Today, 21% of Americans have received at least one dose of one of the three vaccines, according to the CDC. A total of 11% are fully vaccinated. At this point, 135,846,665 doses have been delivered nationwide. The county passed the critical milestone of 100 million people who have been given a shot as this figure rose to 105,703,501.
Nevertheless, the toll of the disease in America is staggering. The Bing COVID-19 Tracker shows 29,633,697 confirmed cases so far and 538,918 fatal cases. Many epidemiologists think the confirmed case count is low by half because of poor testing and asymptomatic carriers. Twenty percent of global deaths have been in the U.S. and a quarter of all deaths worldwide have happened in America.
Variants have become a primary cause of spread in the last several weeks. The New York Times reports that as many as 20% of new cases in America are caused by these. The CDC tracks three for the public and now reports they are already in all 50 stats. They are the B.1.1.7 variant, B.1.351 variant, and P.1 variant.
And, parts of the country are “opening up” which means rules about mask-wearing and social distancing are gone in some states. This and aggressive variants cause anxiety that there may be a fourth surge of the disease in late March into April and perhaps May.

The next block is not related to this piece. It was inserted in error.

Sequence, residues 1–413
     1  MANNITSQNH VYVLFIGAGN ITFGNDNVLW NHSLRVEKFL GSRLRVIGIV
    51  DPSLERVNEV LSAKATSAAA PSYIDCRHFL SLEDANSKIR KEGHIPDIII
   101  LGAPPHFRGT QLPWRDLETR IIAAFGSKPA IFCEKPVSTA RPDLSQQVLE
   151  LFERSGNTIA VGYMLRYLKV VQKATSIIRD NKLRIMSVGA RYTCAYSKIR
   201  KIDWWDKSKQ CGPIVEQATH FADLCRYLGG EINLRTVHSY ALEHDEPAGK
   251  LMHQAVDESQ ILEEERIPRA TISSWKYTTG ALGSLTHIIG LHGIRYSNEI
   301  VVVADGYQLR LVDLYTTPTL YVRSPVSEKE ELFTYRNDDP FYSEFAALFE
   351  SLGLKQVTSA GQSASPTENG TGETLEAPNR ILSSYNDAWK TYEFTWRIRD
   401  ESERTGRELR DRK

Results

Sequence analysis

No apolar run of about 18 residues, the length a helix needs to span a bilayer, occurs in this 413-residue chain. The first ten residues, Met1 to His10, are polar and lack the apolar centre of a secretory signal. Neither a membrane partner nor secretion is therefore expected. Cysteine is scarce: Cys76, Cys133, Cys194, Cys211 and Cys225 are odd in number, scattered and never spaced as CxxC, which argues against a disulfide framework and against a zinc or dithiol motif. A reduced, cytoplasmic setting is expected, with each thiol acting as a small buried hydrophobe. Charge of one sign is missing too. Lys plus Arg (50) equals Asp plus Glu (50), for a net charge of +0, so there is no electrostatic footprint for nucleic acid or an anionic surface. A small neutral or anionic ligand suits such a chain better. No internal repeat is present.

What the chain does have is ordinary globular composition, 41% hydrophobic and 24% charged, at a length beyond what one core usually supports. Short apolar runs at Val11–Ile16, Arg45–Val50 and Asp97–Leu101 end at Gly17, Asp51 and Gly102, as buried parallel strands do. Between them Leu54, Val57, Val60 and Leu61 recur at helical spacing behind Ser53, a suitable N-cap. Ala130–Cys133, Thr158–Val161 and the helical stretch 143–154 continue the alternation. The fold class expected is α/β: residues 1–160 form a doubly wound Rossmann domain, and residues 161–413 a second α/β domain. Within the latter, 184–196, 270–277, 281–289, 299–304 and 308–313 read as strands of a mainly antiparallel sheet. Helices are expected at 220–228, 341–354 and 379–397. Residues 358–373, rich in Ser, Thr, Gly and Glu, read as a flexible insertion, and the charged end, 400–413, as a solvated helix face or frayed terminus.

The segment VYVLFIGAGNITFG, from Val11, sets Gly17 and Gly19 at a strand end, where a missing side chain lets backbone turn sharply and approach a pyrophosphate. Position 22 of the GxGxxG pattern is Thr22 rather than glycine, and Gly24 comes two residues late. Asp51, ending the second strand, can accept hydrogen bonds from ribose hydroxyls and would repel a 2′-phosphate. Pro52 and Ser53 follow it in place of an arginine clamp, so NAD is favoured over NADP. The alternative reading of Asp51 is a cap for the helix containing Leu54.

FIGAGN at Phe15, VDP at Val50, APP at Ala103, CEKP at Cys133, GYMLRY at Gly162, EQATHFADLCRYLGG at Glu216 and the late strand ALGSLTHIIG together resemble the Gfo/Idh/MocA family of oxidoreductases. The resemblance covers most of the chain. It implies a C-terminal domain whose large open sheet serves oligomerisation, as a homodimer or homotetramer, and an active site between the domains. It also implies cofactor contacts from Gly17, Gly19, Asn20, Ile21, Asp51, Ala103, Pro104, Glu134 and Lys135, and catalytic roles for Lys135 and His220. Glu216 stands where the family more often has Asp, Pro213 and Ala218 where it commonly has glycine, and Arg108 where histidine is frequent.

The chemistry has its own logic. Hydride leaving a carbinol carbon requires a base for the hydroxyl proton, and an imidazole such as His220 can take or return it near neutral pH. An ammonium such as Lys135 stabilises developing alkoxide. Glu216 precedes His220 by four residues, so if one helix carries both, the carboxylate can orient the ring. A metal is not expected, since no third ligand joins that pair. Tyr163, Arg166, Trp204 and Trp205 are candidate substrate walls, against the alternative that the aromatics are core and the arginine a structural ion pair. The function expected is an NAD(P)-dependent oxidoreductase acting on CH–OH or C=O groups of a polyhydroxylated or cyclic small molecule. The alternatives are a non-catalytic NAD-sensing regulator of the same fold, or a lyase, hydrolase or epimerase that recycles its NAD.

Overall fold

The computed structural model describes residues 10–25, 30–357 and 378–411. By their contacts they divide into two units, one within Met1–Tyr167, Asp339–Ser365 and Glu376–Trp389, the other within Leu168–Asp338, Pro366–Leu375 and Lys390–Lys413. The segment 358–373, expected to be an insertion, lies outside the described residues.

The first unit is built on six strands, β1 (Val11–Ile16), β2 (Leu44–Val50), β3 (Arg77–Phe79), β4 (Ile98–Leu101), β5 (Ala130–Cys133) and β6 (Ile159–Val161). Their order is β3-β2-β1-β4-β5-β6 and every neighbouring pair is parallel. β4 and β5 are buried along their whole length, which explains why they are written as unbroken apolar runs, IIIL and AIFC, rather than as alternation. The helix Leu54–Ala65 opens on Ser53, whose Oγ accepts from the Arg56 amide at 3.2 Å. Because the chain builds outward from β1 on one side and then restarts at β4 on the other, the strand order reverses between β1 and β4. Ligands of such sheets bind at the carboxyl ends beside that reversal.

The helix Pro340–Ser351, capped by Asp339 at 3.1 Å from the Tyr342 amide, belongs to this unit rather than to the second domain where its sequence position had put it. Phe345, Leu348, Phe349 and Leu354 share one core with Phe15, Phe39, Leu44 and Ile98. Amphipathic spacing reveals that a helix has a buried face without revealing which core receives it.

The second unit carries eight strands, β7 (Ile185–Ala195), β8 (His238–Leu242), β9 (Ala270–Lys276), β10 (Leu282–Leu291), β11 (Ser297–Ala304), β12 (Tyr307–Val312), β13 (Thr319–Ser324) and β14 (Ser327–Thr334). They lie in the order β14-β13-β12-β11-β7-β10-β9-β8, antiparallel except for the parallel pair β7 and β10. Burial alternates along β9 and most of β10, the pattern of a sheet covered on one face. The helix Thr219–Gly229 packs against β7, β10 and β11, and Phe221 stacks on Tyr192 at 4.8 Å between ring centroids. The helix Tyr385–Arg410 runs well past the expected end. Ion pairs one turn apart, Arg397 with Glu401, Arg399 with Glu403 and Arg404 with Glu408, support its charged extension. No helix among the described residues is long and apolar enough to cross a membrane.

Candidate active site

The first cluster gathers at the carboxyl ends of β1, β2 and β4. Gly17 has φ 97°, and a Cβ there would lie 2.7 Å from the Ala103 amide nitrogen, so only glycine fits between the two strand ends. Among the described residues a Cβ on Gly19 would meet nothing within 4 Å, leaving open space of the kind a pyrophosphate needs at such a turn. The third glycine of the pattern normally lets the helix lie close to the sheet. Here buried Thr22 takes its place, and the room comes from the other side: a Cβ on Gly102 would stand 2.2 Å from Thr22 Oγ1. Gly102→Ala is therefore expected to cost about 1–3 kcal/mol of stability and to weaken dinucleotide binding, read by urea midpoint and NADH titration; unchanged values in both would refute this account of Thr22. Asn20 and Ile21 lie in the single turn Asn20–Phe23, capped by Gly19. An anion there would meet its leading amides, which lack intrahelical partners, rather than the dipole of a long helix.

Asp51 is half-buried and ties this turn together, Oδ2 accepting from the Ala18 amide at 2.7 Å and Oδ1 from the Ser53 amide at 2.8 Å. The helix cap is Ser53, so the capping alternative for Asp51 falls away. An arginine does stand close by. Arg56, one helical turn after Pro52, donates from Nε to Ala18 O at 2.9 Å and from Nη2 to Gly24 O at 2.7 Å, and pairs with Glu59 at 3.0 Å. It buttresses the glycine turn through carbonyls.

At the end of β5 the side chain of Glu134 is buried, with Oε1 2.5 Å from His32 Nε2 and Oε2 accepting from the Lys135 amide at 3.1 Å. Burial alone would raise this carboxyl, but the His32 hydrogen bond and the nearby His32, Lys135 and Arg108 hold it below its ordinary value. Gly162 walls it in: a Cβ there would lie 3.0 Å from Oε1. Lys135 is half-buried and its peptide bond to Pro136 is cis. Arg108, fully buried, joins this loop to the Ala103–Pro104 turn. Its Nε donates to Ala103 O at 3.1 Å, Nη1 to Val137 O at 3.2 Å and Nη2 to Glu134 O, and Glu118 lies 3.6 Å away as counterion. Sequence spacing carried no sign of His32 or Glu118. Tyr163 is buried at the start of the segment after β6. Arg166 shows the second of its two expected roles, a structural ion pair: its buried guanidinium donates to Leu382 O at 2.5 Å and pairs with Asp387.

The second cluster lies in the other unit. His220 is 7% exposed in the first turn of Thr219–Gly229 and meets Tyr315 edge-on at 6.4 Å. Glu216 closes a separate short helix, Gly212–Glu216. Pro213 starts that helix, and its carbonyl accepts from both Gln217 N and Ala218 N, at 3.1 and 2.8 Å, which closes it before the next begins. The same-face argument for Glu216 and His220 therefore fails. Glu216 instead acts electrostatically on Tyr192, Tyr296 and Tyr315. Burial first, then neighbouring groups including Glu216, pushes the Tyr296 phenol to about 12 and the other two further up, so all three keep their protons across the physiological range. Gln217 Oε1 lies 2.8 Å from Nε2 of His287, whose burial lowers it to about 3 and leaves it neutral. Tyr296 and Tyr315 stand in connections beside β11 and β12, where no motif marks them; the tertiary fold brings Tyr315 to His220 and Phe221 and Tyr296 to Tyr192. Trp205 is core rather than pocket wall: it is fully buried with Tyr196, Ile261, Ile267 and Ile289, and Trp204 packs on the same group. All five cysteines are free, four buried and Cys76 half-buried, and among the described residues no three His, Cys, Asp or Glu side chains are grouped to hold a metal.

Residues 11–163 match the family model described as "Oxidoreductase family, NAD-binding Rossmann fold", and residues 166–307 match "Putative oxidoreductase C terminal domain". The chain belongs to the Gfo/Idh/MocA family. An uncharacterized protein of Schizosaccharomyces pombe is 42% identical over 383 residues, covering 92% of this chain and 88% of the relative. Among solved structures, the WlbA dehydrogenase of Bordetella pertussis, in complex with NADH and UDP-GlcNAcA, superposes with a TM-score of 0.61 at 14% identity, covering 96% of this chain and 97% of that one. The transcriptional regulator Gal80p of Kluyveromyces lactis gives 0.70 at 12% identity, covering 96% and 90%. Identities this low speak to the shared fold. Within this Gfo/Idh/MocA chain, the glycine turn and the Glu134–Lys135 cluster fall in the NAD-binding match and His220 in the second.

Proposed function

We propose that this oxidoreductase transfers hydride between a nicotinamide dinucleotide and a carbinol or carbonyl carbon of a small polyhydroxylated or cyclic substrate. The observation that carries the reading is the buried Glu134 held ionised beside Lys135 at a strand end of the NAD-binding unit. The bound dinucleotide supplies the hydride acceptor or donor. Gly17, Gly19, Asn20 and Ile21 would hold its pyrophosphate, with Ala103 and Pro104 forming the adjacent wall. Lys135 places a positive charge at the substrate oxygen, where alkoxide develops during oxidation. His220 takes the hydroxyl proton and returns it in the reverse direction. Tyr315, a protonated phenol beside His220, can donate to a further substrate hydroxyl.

Some states have done much better jobs with vaccinations than others. The state doing the best job based on the percent of its population that has been given at least one dose is New Mexico at 28%. A total of 16% have been fully vaccinated, well above the national average. The state has had 1,035,005 doses delivered and 913,253 shots given for a figure of 88%, also well above the U.S. number.
The process in the state has not been seamless. There have been accusations that some people have been vaccinated already who should have been. According to TV state 4News: “We have found unfortunately a couple of incidents where there is really undeniable proof of individuals and providers going outside the appropriate phases, and that’s inappropriate,” Matt Bieber, the director of communications for The New Mexico Department of Health said.
Notwithstanding problems like these, the state’s residents are better off than most.
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